Notre Dame took it to them early, but pretty much in the blink of an eye, that high-powered Hurricane offence led by quarterback Steve Walsh brought the team back with 21 points in the second quarter to go into halftime tied 21-21. Notre Dame would go up 31-21 before the Hurricanes again roared back. Leading 31-24, the Irish recovered a Cleveland Gary fumble on their one-yard line keeping Miami out of the endzone. Miami fans believe Gary was down before the fumble, and should have had the ball first and goal. It really did not factor into the final result, as Notre Dame fumbled three plays later giving the ball back to Miami, who would score the possible tying touchdown. However, trailing 31-30 Miami coach Jimmy Johnson went for the win with a two-point conversion attempt. Notre Dame defensive back Pat Terrell knocked away the Walsh pass, preserving Notre Dame's 31-30 victory. It was an incredible game.

Yet the result was not good enough to vault Notre Dame into the number one spot in the country. Instead, they were number two as they beat Air Force 41-13, then Navy 22-7. That win finally put them into the number one spot, where they would remain the rest of the season. They blew out Rice 54-11, then knocked off old rival Penn State by a score of 21-3, to move their record to 10-0.

Looming on the horizon now was another old rival: the undefeated and second-ranked USC Trojans. It was the first time in their history they entered their meeting both undefeated. The Irish were all over the Trojans, winning 27-10 in Los Angeles.

The only thing now standing between them and a national title was number three West Virginia, led by quarterback Major Harris, who were also undefeated. It was a de facto national championship game, and Notre Dame played like champions. Again they took control early and cruised to the 34-21 victory, giving them the school's 11th national championship.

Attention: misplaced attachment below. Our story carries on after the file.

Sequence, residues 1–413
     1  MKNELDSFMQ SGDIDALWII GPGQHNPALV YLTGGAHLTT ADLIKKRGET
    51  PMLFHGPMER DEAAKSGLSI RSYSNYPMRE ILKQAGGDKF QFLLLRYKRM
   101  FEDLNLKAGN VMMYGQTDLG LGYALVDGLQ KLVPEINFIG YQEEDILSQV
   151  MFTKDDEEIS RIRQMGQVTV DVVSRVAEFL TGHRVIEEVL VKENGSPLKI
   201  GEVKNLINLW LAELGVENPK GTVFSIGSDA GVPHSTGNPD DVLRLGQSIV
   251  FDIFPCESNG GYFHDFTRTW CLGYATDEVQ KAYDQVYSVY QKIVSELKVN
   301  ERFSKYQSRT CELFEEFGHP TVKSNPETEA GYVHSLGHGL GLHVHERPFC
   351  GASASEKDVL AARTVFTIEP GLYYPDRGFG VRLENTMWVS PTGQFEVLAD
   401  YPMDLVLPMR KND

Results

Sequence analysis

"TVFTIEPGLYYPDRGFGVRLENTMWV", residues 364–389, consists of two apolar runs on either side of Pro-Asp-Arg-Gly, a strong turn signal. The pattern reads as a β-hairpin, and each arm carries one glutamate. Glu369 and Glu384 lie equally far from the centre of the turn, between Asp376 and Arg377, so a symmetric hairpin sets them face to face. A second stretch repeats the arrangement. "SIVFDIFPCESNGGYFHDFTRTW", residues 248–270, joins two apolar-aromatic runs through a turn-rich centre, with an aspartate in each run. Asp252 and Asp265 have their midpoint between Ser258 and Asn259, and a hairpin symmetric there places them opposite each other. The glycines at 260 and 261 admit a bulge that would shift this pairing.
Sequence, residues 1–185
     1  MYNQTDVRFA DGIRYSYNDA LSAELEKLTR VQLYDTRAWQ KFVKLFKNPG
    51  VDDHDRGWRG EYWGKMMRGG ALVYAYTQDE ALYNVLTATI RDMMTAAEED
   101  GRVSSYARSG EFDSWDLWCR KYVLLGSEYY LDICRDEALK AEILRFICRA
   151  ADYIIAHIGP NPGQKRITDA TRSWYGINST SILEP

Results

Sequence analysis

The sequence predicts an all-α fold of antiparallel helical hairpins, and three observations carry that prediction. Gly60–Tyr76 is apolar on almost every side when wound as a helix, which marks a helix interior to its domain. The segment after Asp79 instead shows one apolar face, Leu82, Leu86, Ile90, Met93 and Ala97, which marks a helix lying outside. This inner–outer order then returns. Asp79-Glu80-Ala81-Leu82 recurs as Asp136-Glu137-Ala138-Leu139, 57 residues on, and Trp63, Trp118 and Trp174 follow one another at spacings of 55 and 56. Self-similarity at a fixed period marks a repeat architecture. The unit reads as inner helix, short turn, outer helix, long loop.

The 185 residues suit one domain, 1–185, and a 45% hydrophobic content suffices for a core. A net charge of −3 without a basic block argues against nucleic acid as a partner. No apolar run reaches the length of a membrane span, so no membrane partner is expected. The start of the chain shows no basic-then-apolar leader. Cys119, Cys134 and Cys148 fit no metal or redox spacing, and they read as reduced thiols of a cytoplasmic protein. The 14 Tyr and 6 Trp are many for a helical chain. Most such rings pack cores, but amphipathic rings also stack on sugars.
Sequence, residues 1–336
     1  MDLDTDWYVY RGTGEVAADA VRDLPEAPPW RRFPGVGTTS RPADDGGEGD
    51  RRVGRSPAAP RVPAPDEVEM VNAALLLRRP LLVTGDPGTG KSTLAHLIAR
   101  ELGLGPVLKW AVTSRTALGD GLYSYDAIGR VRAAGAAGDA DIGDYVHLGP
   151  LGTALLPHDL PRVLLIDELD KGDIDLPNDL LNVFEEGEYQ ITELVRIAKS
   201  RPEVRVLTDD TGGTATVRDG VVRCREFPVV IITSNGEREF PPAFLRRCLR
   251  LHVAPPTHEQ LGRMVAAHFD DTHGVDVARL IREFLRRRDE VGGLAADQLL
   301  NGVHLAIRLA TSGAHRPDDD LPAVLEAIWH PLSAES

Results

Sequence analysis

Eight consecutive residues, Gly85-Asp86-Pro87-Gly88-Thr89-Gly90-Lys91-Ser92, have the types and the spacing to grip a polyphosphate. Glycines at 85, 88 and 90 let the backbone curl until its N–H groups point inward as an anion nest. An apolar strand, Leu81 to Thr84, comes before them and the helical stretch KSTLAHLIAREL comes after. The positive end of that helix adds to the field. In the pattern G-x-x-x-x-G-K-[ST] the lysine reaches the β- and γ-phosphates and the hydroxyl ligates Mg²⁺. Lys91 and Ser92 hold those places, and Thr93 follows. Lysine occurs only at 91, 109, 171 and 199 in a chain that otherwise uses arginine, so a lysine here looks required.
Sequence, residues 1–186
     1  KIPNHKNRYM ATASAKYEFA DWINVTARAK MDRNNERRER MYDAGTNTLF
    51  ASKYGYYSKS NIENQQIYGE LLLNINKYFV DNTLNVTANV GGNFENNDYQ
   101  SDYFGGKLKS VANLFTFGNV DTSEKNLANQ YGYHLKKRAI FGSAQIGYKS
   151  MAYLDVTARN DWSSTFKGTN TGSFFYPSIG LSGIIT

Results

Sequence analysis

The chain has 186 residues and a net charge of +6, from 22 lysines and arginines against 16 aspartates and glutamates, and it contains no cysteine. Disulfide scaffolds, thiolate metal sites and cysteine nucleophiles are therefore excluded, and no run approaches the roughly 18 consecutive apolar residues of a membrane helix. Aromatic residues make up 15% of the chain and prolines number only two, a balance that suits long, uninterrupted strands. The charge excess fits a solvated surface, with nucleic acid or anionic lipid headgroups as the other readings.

I remember exactly where I was. The Fiesta Bowl was played on January 2 that year, and I returned to res that morning because I had a ton of stuff to do. My buddy Dave was there too, coming back early to watch the bowl games. So we watched that game in the lounge on Fifth Kelsey, and my love for the Notre Dame Fighting Irish was cemented.

The aftermath
The Irish had a lot of great players that I just loved: Tony Rice, Derek Brown, Mike Stonebreaker, Chris Zorich, Jeff Alm, even Rocket Ismail. A few, like Rice and Ismail, ended up in the CFl, and a lot made the NFL. My old friend and mentor Michel Ouellette read a book by Irish coach Lou Holtz, and said he thought every starter on that Notre Dame team played pro ball of some sort.

The drought
The Irish came close in both 1989 and 1993, but came up short for the championship. It was 24 years until they went on that magical run in 2012. Again they went undefeated and finished the season ranked number one. However, they faced a juggernaut in Alabama who was really more like a pro team, and humiliated the Irish so bad, they fell to fourth in the final rankings. Ouch.

Parting thoughts
What made that 2012 championship run so special was that T.J. Jones, the first son of a player from that 1988 team, was playing for the Irish. From the moment he started playing in his freshman year, he has worn the same number as his father.

The young man is so mature, his dad's teammates have said he got them through Andre Jones' death more than they helped T.J. through it.

They celebrated that 1988 championship a few weeks ago, and it was a special night for T.J. A few weeks later he played his final game at Notre Dame Stadium, the end of a storied career of his own.

He may not have won a championship like his dad did, but he brought honour in all he did to his father's memory, his family, and his school.